Further into our series exploring the FireBoard App, this post examines Analyze! The tool that allows FireBoard users to compare and predict their cooking sessions. For more detailed information about FireBoard Analyze be sure to check out our Knowledge Base or our post announcing the launch of FireBoard Analyze.
For starters tap the Analyze icon across the bottom of the FireBoard App’s screen. This will walk you through the two analysis types: Predictive and Session Comparison.
Use Session Comparison if you, or a friend using FireBoard, have a past cook that came out so perfect that you want to replicate that session or possibly if you are smoking ribs in a new way or even for the first time, Comparative Analysis will show your active cook with a past session ghosted out in the background. Similar to racing your Ghost in Mario Kart, you get to watch your cook progress along side an ideal one. This free/included tool is simple to set up. After tapping Session Comparison, you will be prompted with the Session Analysis Setup screen where you will choose the past sessions and, if wanted, even isolate a specific channel from that sample cook. Then tap Start Analysis and you get a Compare Analysis screen.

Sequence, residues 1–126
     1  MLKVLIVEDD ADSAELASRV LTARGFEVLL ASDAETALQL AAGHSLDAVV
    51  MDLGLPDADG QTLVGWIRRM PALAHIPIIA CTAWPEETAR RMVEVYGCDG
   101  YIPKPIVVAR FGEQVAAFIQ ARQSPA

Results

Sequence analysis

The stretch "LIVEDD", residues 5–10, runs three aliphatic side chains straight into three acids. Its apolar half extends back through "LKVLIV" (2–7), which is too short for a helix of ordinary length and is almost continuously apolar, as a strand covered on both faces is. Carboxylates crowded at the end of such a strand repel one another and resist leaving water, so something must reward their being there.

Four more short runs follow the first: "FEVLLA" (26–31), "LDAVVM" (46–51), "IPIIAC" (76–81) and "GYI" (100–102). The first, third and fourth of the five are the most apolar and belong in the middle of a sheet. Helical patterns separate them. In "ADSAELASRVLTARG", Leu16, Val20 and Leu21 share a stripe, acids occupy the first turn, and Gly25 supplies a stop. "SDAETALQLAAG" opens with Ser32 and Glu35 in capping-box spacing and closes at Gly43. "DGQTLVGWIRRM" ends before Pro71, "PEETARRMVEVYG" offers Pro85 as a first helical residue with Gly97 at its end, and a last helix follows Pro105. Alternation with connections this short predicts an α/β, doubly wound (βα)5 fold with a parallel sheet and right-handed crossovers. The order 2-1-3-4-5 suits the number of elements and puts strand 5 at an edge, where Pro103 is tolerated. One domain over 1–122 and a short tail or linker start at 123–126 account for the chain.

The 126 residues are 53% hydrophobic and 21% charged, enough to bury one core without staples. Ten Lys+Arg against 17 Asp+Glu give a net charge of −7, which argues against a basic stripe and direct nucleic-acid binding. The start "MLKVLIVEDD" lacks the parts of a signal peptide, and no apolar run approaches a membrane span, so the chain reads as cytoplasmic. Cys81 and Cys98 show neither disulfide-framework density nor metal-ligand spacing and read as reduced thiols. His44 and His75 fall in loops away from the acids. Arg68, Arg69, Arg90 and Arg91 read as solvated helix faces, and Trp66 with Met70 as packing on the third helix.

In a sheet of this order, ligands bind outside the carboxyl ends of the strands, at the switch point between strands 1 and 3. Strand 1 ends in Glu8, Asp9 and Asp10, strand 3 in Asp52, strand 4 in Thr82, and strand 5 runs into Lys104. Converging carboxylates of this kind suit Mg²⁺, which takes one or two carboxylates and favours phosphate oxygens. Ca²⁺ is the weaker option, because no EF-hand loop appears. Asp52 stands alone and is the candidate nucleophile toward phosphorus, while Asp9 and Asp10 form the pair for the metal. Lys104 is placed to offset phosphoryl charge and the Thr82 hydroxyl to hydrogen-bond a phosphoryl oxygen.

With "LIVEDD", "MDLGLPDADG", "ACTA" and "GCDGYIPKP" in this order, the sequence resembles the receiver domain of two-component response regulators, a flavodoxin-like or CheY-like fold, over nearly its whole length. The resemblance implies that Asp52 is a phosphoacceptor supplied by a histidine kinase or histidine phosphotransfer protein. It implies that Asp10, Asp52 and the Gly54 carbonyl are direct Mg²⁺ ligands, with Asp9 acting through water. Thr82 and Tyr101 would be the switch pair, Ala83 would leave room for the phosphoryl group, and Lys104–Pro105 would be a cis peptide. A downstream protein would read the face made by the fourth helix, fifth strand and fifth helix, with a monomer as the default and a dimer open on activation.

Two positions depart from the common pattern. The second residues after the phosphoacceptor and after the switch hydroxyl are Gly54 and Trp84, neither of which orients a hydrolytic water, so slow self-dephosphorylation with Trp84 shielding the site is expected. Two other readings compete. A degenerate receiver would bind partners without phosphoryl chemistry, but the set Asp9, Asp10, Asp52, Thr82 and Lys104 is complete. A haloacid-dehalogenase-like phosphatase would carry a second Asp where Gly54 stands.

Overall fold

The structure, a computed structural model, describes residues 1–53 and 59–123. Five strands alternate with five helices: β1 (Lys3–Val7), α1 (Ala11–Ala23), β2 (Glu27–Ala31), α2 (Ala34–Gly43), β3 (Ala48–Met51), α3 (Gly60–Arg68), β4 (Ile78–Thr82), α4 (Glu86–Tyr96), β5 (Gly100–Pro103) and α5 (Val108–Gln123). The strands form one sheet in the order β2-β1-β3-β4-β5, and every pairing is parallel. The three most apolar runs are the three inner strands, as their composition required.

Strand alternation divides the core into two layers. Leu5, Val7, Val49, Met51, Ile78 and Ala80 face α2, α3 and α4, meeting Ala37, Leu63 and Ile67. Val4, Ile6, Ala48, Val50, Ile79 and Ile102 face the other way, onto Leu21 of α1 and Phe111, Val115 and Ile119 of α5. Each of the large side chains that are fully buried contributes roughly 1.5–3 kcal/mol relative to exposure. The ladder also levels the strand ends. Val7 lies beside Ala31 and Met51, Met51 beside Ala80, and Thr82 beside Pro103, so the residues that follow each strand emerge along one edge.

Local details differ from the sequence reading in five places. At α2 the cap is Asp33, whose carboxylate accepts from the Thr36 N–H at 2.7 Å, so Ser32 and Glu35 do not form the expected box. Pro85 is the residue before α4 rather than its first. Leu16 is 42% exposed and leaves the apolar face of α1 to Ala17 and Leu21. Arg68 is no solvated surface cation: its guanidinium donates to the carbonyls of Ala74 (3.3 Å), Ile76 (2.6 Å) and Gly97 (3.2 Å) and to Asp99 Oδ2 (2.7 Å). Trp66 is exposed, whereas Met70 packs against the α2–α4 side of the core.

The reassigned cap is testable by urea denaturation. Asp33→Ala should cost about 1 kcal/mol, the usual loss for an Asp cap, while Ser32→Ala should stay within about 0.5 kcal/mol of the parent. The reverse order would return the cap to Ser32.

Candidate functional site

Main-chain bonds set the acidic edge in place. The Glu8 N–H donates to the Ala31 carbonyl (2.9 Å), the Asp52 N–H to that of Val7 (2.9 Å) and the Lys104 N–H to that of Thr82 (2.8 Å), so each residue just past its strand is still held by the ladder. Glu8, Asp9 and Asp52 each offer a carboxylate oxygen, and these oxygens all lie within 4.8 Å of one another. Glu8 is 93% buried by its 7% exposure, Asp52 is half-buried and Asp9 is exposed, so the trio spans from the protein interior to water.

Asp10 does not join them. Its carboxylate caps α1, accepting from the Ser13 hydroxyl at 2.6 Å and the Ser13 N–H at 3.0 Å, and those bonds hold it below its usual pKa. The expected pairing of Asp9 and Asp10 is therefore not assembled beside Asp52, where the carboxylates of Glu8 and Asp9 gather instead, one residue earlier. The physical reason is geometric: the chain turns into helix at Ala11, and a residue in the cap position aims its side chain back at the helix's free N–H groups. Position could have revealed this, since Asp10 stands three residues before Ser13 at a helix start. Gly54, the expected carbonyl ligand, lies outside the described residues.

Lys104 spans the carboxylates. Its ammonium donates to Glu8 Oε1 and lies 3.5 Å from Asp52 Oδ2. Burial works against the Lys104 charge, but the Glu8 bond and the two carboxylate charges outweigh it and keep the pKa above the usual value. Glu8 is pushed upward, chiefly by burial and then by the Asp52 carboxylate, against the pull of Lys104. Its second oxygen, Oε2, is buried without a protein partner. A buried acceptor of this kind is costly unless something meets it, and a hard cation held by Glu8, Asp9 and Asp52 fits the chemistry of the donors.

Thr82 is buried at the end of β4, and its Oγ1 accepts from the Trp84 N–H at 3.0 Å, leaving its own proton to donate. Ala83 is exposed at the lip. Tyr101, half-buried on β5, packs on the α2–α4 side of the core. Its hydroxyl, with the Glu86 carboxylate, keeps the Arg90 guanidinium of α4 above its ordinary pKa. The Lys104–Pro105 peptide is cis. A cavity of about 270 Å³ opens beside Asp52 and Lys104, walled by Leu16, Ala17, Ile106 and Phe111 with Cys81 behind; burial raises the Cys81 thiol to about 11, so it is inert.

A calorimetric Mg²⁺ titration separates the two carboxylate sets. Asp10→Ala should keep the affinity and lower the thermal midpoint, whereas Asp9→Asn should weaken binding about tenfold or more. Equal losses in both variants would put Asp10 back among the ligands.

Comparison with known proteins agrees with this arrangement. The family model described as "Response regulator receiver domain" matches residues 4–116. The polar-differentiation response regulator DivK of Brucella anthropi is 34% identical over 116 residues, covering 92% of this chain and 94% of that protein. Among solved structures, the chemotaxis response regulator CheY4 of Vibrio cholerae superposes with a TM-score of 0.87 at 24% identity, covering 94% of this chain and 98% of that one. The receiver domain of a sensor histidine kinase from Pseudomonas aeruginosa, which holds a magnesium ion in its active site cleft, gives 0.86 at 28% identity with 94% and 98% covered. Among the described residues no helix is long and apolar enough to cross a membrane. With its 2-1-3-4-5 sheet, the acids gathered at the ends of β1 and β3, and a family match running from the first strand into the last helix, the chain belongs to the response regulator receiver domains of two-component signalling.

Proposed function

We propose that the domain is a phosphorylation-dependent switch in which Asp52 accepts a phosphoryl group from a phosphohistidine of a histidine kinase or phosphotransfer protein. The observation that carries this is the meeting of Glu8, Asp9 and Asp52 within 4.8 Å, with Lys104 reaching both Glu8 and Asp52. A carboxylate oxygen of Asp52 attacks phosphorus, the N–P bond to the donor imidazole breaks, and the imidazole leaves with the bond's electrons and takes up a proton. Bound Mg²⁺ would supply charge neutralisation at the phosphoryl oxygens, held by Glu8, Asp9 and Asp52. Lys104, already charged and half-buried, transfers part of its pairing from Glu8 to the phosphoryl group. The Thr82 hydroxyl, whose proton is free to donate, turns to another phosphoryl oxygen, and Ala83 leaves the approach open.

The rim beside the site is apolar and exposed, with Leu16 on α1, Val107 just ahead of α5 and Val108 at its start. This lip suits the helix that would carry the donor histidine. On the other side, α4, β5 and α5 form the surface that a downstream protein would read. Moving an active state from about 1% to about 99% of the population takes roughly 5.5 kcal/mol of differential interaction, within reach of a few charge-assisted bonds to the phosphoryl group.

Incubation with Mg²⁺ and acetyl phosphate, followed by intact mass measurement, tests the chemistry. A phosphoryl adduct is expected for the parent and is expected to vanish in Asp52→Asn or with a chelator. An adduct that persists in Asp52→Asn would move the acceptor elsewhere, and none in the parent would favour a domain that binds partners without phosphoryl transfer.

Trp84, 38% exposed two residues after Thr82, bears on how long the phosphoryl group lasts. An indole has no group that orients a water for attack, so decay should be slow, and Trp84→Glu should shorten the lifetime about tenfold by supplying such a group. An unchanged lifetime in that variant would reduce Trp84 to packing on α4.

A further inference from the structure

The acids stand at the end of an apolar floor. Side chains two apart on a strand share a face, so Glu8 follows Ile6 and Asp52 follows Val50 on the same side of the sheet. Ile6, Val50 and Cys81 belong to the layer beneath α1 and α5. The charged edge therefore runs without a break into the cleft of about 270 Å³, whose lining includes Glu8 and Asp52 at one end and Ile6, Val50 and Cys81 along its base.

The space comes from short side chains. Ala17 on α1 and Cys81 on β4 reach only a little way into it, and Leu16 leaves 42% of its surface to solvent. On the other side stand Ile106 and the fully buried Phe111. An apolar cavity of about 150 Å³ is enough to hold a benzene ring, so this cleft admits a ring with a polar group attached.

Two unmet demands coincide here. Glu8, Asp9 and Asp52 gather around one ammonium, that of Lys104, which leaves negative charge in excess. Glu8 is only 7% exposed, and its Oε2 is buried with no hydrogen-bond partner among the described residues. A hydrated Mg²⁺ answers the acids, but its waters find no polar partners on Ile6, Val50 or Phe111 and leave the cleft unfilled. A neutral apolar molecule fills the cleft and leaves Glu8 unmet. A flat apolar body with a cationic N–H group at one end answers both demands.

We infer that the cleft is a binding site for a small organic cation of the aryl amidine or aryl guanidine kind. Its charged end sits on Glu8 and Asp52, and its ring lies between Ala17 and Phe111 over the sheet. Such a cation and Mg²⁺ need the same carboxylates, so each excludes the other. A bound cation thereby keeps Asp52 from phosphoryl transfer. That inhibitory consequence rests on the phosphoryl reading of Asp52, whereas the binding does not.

This feature will forecast how much time a piece of meat will need to reach your set temperature. This takes into account any fluctuations you may get from your smokers set temperature. Predictive Analysis creates these predictions by calculating the following variables:
- your meat’s current temperature
- the target temperature you set for doneness
- the rate the current temperature increases
The historical data is key to creating an accurate prediction. The more data Analyze collects the narrower your window of time becomes.
Above two different predictions from FireBoard’s Analyze. Left is early in the session, so it shows a broad 2 hour eta. While on the right the session with more historical data collected shows a narrower eta, with a 15 minute window. All of this figured free from concerns of your cook stalling or reaching a plateau, which may interest you if you were not aware. For more information on this fascinating aspect of barbecue science, check out these articles by Meathead Goldwyn at AmazingRibs.com. Or consult his book Meathead: The Science of Great Barbecue and Grilling.